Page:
that sum in the present day) to betray his master, and to betray him designedly to death. That Jesus possessed mira

culous powers, Judas must have well known; and it is likely Each morn their little dusky feet

that, if he believed Him to be the promised Messiah, who was Sprang down the sparkling lea,

about to establish a splendid and powerful kingdom (an exTo plunge beneath the glowing stream

pectation which it is plain was entertained by all the apostles) Beside the chesnut tree;

he must have expected that his master, on being arrested and

brought before the Jewish rulers, would be driven to assert his And when the hiding squirrel's nest

claim, by delivering himself miraculously from the power of They sought for up the hills,

his enemies; and would at once accept the temporal kingdom They bathed their reeking foreheads cool

which the people were already eager (and would then have

been doubly eager) to offer him. That if our Lord had done Among the mountain rills.

this, he would have been received with enthusiastic welcome,

as the nation's deliverer from Roman bondage, there can be They saw the early golden moon

no doubt; since He would thus have fulfilled the fondly che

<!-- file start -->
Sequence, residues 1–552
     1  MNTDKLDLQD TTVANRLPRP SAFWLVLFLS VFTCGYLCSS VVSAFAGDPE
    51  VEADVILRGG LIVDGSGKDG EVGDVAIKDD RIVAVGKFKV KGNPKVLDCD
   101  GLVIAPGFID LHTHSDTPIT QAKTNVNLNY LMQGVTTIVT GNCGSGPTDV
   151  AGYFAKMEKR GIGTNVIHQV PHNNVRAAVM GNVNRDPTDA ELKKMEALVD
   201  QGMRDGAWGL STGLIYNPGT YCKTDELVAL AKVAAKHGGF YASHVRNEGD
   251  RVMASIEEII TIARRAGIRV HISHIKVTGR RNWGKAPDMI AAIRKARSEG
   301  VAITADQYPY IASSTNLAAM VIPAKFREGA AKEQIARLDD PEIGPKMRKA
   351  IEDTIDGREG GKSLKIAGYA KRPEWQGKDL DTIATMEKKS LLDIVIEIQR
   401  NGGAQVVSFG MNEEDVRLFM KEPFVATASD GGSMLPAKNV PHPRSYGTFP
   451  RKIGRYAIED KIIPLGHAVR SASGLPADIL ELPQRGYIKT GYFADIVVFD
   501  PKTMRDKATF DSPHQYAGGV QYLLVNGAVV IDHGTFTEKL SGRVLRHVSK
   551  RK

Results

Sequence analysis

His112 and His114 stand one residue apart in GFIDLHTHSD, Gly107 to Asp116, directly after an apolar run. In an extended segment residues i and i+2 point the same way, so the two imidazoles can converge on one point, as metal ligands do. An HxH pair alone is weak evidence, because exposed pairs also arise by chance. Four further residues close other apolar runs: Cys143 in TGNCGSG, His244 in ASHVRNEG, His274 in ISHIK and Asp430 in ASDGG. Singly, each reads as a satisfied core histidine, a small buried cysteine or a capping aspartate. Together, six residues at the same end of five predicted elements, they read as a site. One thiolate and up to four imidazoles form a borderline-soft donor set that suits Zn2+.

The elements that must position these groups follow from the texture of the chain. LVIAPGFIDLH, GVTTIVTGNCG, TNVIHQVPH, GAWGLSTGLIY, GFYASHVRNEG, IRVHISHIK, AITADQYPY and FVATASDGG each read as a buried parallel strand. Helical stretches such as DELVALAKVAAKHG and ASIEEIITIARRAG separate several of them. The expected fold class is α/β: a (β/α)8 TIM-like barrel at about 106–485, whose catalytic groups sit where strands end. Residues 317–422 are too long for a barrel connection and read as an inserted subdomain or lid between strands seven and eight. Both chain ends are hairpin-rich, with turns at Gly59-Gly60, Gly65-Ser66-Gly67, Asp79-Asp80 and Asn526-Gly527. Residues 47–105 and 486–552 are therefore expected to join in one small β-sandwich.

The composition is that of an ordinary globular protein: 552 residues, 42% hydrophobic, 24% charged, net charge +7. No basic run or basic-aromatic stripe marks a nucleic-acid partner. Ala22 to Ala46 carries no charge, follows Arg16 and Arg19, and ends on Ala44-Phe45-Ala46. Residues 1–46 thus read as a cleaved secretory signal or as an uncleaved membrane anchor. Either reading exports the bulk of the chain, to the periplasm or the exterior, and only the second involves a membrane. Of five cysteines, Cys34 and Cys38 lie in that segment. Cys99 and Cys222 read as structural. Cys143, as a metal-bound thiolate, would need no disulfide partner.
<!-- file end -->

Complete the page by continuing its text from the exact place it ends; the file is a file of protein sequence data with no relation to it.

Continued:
rished hopes of the multitudes who had just before brought Peep through her wary bower,

him in triumph to Jerusalem. And it was most natural for And in her beams they chased the bat

Judas to expect that Jesus would so conduct himself if deAround his leafy tower

livered up to his enemies. As for his voluntarily submitting And when the stars, all silently,

to stripes and indignities and to a disgraceful death, no such

thought seems ever to have occurred to Judas any more than Went out o'er hill and plain,

it did to the other apostles. But the difference between Is. They loved to hear the merry chime

cariot and his fellow-apostles was, that, though all had the of summer evening rain.

same expectations and conjectures, he dared to act on his conjectures, and departing from the plain course of his known

duty, to follow the calculations of his worldly wisdom, and These haunts they missed--the city air

the schemes of his worldly ambition; while they piously subNo healthful music brings,

mitted to their master's guidance,"even when the under

stood not the things that He said unto them." They longed to roam green woodland dells,

Preface p. p. III-IV. Where Nature ever sings, – And drooping 'mid the noise and glare,

This is a great subject. Within the range of tragedy They pined for brook and glen,

there is none so great-80 terrible. We find ourselves And dying, still looked fondly back,

concerned in the motives of that man who became the And asked for Home again.

instrument through whom our GREAT MASTER was Boston, U, s.